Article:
Finally, I think the broadening of the networked workforce raises interesting questions about the nature of power and how individual nodes within the network make sense of relationships with others. Husband’s (n.d.) definition of wirearchy addresses part of this question. For Husband, power in the network is “a dynamic two-way flow of power and authority, based on knowledge, trust, credibility and a focus on results, enabled by interconnected people and technology” (para. 8). I think that this is a fine definition of a self-governing structure, but I wonder if this definition can play all the way through the end of the human transaction. As a colleague points out in her blog this week, sometimes teams need someone who can overtly assert power, make a decision, and drive teams out of counterproductive ruts. In terms of the networked workforce, with its heavy reliance on tech, does the best, most proficient tech user assume this role? If I can, say, type faster, or produce reports more quickly or research more efficiently, will others begin to look to me as the leader of the networked team? For me, this discussion of perceived power is an incredibly important one, and one that I will certainly continue thinking about!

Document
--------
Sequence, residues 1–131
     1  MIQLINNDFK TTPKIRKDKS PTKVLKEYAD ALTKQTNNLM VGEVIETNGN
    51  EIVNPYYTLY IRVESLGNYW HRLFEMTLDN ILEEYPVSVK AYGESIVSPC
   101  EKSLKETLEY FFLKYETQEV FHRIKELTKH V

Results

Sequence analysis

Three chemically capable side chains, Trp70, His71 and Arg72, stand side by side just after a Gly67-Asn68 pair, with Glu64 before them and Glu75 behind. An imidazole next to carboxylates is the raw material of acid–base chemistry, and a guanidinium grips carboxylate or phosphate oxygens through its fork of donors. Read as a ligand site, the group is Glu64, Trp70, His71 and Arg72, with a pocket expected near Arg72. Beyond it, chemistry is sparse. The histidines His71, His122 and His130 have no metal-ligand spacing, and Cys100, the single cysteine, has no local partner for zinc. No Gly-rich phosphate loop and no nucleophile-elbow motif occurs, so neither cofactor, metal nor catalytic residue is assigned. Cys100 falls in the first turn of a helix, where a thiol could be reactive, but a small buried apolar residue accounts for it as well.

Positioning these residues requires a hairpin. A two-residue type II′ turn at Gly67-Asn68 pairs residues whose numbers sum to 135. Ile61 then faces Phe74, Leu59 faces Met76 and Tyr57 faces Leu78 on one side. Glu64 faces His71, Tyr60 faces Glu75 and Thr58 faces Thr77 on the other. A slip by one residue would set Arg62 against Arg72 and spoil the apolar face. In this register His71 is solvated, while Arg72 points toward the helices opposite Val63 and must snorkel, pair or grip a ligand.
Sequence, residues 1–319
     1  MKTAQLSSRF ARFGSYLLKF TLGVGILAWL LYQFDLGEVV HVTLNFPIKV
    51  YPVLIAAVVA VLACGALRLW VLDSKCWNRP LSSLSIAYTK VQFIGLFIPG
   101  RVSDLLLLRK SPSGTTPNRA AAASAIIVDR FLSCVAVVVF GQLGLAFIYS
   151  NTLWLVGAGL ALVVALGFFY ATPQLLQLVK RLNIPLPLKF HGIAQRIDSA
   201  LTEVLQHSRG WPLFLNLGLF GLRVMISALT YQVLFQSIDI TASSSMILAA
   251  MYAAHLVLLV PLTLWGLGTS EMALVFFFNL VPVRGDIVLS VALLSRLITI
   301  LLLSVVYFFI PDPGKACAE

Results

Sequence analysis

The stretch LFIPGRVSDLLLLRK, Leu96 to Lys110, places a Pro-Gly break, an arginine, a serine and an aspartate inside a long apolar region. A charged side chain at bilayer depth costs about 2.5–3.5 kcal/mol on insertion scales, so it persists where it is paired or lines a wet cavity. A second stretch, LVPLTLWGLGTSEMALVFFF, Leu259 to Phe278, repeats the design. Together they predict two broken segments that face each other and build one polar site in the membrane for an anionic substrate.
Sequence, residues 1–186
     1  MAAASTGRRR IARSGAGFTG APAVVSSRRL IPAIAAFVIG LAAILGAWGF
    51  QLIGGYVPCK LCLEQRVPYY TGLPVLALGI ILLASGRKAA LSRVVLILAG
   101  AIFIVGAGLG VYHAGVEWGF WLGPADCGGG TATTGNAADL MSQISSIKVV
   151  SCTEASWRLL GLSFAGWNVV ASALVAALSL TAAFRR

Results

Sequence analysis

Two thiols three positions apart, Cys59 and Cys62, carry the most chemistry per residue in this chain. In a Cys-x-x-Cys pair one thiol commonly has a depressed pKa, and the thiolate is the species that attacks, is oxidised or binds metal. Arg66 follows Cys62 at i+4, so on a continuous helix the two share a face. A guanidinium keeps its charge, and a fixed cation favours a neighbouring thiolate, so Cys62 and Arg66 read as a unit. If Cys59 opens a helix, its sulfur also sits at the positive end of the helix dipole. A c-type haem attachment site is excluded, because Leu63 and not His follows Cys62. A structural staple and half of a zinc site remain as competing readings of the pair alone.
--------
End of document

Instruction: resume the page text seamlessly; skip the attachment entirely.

Husband, J. (n.d.) What is wierarchy? Wirearchy [website]. Retrieved from

Internet Live Stats (2016). Internet users [webpage]. Retrieved from

Jarc, J. (2015). Parlance, perception and power: An inquiry into non-standard language use in digital media (master’s thesis). Retrieved from Proquest:

Smith, A. (2015, November 19). Searching for work in the digital era. Pew Research Center. Retrieved from

Weinberger, D. (2011). Too big to know: Rethinking knowledge now that the facts aren’t the facts, experts are everywhere, and the smartest person in the room is the room. New York: Basic Books.

Bilateral Asymmetric Consilience and Networked Leadership